“There is a lot to go into it, and I am excited to dedicate myself to it and be the best that I can be and learn the most I can. I am doing as much as I can to feel good out here so I can play fast.”

If Pickett needs any help, he knows where to go looking for it.

Pickett said he was in recent contact with Trubisky and Rudolph as well as his predecessor Roethlisberger, whom Pickett said called him “recently.”

“It was awesome,” Pickett said of the call with Roethlisberger. “He said he’s always there for me if I have any questions or advice. He’s an unbelievable player, a Hall of Famer. He’s a guy I definitely will use as a resource in the coming weeks here.”

Odds and ends

• Heyward said he was given jersey No. 83 and that he didn’t request it. Heath Miller wore N0. 83 for the Steelers for a decade. Only one player has worn it in the regular season since Miller retired in 2015: wide receiver Cobi Hamilton for 11 games in 2016. Wideout Damion Willis wore No. 83 during the 2021 preseason but did not make the team.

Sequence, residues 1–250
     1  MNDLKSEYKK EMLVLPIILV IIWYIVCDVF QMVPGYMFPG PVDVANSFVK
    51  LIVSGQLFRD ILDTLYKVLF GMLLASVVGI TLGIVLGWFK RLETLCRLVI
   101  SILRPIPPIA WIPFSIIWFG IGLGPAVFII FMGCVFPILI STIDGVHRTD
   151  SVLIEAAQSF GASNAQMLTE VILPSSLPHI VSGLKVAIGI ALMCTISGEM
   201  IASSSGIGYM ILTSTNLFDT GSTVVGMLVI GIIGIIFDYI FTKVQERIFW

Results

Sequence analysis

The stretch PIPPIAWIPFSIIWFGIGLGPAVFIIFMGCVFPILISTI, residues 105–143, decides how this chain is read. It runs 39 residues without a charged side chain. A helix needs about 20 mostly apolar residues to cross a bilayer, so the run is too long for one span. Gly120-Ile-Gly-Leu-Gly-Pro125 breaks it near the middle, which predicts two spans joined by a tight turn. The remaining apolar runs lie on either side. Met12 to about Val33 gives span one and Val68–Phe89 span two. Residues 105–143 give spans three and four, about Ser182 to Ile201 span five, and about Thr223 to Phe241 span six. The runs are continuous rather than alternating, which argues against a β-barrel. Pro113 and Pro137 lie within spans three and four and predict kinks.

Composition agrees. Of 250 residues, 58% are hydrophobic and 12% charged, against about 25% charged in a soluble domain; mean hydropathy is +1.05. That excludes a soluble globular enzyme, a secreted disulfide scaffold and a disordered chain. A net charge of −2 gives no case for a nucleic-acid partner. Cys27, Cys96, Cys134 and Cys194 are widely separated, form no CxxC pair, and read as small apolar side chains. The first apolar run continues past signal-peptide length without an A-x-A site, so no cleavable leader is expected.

Typically, when a number is “given” to a player, it comes from Tomlin to add some pressure to the situation.

• Of the 28 tryout players the Steelers invited to rookie minicamp, seven were defensive backs.

• If you are looking at two players to keep an eye on, it is seventh-round pick Mark Robinson and undrafted free agent Tyree Johnson, both linebackers.

• The Steelers will hold rookie minicamp practices Saturday and Sunday before the team gets back together at the end of the month for OTAs, where Trubisky and Rudolph are expected to attend.

(Top photo: Charles LeClaire / USA Today)